Ericas – Simply Irresistible
The exceptional beauty and diversity of their floral form make Ericas irresistible to gardeners; these three species are well suited to cultivation.
The family Ericaceae contains more than 100 genera of mostly small to large shrubs and trees. It includes well known garden and fruit favourites like Erica, Rhododendron and Vaccinium (Blueberries) and is represented worldwide, except in the areas covered by deserts.
Within the genus Erica there are more than 800 species occurring in Africa, Europe and the Middle East, with by far the largest number found in Southern Africa (more than 760 species). These local Ericas form one of the main constituents of the distinctive Cape flora (Fynbos), along with Restios, Proteas, Buchus and Brunias.
Requirements for success with Ericas include full sun; an acid, well drained soil; free air movement around the plants; regular heavy rainfall (or watering) in winter and as little disturbance to the roots as possible.
Ericas are best planted out into the garden and into permanent pots from late autumn to early winter, once temperatures have cooled markedly. Once planted, they need to be kept well irrigated, and the soil surface should be kept as cool as possible by mulching or inter-planting with companion Fynbos ground covers.
Weeds that develop close to the plants should not be pulled out but simply cut off just below soil level; this ensures as little root damage as possible. The plants benefit from applications of seaweed-based fertiliser and can also be fed with controlled release fertilisers.
Fresh seeds germinate easily when sown in autumn and treated with a smoke extract. Ericas are ideally suited to rock gardens and containers, they attract nectar-feeding birds and those with long stems make useful cut flowers. Although many species are difficult to maintain in cultivation over the long term, Erica Cerinthoides, Erica Nana and Erica Regia are three that, under suitable conditions, can be relied upon to perform well for many years.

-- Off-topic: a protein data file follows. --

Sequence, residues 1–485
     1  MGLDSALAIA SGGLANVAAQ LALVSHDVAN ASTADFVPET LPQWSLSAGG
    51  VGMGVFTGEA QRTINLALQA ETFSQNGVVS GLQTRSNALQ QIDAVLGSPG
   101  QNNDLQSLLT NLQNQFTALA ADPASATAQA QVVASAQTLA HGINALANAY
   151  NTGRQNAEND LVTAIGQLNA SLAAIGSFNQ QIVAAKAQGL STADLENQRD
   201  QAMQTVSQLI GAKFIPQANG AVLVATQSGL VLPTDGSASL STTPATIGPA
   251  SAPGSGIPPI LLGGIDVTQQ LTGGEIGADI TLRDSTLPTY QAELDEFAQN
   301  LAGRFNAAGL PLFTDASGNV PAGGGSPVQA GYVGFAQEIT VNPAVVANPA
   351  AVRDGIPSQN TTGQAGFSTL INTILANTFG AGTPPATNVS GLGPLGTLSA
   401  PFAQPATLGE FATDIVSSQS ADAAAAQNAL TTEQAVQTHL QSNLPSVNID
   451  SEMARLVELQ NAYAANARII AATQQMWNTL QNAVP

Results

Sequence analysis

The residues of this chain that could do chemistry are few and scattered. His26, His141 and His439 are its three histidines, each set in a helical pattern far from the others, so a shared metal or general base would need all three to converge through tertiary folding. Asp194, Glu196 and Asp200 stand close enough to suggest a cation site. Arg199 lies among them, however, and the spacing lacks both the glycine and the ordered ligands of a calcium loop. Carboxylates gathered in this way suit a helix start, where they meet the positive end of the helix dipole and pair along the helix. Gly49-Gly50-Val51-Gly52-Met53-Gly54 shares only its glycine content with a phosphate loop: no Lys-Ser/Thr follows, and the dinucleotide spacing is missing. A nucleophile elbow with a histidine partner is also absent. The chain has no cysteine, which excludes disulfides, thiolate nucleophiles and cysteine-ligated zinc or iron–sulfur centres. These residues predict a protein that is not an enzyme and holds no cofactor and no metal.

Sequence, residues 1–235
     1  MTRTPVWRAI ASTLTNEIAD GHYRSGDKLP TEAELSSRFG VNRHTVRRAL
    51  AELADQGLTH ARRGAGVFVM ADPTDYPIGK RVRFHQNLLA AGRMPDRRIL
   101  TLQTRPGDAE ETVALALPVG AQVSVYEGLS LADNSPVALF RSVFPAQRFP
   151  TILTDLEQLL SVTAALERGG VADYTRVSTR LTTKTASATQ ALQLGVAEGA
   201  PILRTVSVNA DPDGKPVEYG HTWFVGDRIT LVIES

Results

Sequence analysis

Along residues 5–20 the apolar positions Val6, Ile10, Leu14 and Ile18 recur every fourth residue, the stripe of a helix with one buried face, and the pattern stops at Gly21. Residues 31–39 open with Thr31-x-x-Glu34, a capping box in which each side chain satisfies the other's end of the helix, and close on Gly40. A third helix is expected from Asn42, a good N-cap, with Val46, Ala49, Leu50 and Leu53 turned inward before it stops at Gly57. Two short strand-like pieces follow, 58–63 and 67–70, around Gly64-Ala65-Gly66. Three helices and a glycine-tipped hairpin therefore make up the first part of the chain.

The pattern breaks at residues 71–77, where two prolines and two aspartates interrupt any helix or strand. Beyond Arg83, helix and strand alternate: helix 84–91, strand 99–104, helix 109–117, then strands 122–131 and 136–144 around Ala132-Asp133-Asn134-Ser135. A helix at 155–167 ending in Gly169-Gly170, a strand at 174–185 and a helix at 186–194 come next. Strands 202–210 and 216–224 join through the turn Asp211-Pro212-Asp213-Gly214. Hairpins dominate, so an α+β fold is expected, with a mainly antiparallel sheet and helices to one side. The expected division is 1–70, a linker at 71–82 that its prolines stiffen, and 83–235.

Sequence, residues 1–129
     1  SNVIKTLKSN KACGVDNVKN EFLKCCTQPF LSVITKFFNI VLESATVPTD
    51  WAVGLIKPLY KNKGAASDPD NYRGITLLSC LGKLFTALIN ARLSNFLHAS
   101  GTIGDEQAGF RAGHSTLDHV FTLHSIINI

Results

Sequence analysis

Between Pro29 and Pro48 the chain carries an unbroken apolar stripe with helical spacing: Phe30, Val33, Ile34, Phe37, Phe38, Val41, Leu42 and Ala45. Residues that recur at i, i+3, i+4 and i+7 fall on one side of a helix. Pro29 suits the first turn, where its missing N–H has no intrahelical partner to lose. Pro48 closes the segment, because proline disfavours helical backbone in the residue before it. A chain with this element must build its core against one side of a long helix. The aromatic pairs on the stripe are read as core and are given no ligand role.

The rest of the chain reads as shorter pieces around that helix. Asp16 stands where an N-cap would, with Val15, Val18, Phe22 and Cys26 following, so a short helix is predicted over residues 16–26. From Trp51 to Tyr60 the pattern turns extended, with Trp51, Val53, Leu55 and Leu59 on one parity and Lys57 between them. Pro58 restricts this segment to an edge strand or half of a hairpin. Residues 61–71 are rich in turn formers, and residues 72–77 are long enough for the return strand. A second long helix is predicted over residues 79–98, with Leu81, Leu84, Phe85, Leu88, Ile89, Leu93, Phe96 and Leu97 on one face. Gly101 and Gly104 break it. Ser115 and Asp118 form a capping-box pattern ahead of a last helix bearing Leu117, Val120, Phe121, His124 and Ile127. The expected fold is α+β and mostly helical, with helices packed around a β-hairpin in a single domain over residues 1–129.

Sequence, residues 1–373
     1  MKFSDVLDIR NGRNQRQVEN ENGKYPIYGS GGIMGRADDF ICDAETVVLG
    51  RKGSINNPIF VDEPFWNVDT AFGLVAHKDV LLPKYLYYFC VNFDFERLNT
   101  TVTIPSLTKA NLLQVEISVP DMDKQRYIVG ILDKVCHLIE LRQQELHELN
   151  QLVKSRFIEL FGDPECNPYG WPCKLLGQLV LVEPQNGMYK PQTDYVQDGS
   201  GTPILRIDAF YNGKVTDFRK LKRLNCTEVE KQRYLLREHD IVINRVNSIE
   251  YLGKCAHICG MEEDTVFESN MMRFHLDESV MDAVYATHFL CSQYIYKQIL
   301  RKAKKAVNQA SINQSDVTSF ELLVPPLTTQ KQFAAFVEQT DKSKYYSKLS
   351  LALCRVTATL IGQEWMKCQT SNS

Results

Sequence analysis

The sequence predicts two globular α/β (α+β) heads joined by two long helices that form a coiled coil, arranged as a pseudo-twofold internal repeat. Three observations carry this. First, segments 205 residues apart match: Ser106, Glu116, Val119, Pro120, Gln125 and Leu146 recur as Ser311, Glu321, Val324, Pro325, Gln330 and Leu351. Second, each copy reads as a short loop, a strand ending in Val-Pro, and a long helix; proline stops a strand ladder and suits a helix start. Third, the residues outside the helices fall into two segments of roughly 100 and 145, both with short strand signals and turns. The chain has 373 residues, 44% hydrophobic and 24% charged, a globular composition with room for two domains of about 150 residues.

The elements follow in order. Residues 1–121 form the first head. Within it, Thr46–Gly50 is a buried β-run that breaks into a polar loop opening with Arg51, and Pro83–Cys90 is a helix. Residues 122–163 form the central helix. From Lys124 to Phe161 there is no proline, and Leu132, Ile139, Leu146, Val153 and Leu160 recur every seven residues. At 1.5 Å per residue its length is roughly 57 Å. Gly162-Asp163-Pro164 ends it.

These three have been grown to perfection by Erica expert Anthony Hitchcock at Kirstenbosch Gardens in Cape Town.
Specimens of Erica Nana were discovered by the Scottish plant collector Francis Masson in 1774; today this plant is allocated a conservation status of “vulnerable”. In nature it is found in a highly restricted range in the uppermost reaches of the Hottentots’ Holland and Kogelberg Mountains east of Cape Town.
It is a dwarf species that forms thick mats of sprawling branches up to 1 m across and 0.2 m high. In spring and early summer the branches become laden with large, deep yellow tubular flowers with prominent brown anthers. The woody branches of Erica Nana need no pruning, and the plant is seldom subject to pests or diseases.
Although slow-growing it is a long-lived plant under ideal conditions. It is perfectly suited to rock gardens and can also be planted so that it sprawls over low garden walls. In rock garden pockets it is best grown in groups of three and can be successfully inter-planted with the dwarf, bright red spring-flowering Watsonia Coccinea and the deep blue Babiana Angustifolia.
It also makes an outstanding subject for containers and can be most effectively grown in a ‘strawberry pot’ that accommodates several plants – a magnificent display of Erica Nana grown in a strawberry pot by the Erica enthusiast Dr Louis Vogelpoel regularly won first prize at spring wild flower shows in Cape Town during the 1970s and 1980s.